— BBC News (UK) (@BBCNews) June 9, 2013
The whistleblower who brought to light the secret U.S. surveillance program—collecting telephone data from millions of American citizens and Internet data from foreigners—has come forward. The Guardian and Washington Post revealed on Sunday that Edward Snowden was their source for the massive leak U.S. National Security Agency (NSA) data.
“I have no intention of hiding who I am because I know I have done nothing wrong,” he told the Guardian.
Here are 10 things we know about Snowden so far:
1. He is 29 years old and grew up in Elizabeth City, North Carolina. He later moved to Maryland with his family, according to The Guardian, near NSA headquarters. Most recently, he lived in Hawaii with his girlfriend.
Booz Allen can confirm that Edward Snowden, 29, has been an employee of our firm for less than 3 months, assigned to a team in Hawaii. News reports that this individual has claimed to have leaked classified information are shocking, and if accurate, this action represents a grave violation of the code of conduct and core values of our firm. We will work closely with our clients and authorities in their investigation of this matter.
3. His was making a salary of roughly $200,000, according to various reports.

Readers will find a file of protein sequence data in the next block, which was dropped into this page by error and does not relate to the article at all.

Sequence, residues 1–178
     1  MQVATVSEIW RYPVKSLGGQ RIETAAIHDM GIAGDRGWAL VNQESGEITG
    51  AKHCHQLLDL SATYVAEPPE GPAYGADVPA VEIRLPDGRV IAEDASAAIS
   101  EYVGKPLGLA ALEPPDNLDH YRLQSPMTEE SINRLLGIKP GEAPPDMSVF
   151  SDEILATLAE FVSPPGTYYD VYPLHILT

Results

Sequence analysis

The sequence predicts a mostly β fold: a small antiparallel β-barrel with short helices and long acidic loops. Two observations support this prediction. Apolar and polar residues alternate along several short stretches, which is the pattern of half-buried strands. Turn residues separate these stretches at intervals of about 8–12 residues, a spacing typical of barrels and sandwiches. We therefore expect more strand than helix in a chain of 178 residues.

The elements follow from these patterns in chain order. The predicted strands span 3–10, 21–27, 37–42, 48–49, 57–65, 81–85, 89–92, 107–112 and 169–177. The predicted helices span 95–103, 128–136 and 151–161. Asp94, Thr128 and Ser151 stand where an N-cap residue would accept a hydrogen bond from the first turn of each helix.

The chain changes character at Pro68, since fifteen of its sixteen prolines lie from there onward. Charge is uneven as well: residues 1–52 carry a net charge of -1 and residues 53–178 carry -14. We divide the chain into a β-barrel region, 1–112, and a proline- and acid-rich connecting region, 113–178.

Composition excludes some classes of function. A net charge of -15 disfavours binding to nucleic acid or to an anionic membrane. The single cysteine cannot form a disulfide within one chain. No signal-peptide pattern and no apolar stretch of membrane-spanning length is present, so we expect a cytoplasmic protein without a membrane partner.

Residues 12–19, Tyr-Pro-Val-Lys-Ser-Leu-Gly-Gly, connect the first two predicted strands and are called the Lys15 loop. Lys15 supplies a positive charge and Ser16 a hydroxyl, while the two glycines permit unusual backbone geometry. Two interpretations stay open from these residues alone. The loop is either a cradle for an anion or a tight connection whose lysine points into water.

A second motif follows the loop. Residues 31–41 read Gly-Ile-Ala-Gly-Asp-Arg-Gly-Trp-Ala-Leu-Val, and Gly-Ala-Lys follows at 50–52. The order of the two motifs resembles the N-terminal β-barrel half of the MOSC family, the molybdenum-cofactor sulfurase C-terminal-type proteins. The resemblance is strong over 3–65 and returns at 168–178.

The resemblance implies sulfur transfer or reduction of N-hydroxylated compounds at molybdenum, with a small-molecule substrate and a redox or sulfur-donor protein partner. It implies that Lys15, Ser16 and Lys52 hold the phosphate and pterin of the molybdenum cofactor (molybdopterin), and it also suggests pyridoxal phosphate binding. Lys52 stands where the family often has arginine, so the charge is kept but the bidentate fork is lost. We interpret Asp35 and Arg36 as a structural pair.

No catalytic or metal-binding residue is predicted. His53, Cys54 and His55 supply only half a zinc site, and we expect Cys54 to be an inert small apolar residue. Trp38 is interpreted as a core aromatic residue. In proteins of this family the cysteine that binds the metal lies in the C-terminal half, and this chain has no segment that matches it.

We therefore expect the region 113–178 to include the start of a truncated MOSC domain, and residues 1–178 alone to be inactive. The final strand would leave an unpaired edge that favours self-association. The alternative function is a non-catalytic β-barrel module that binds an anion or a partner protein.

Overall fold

4. He is a former technical officer with the CIA, according to the Guardian. He also previously worked with Dell Inc.
5. He told the Washington Post that he does not have a high school diploma, but reports say he earned a GED.
6. He said he had “full access to the full rosters of everyone working at the NSA, the entire intelligence community, and undercover assets all around the world.”
7. According to the Atlantic, Snowden tried to join the U.S. Army Special Forces.
8. He didn’t vote for Obama in 2008. (He didn’t vote for John McCain either.) He told the Guardian he voted for a third party, but didn’t say which one.
9. According to Campaignmoney.com, an Edward Snowden donated $500 to Ron Paul’s presidential bid in 2012. Ron Paul is a staunch libertarian who lost the nomination of the Republican Party in favour of Mitt Romney.
10. Snowden is seeking asylum, ideally in Iceland, but is now staying in Hong Kong. He is hoping to avoid extradition to the United States. In an interview over the course of several days with The Guardian, he said: “I think it is really tragic that an American has to move to a place that has a reputation for less freedom. Still, Hong Kong has a reputation for freedom in spite of the People’s Republic of China. It has a strong tradition of free speech.”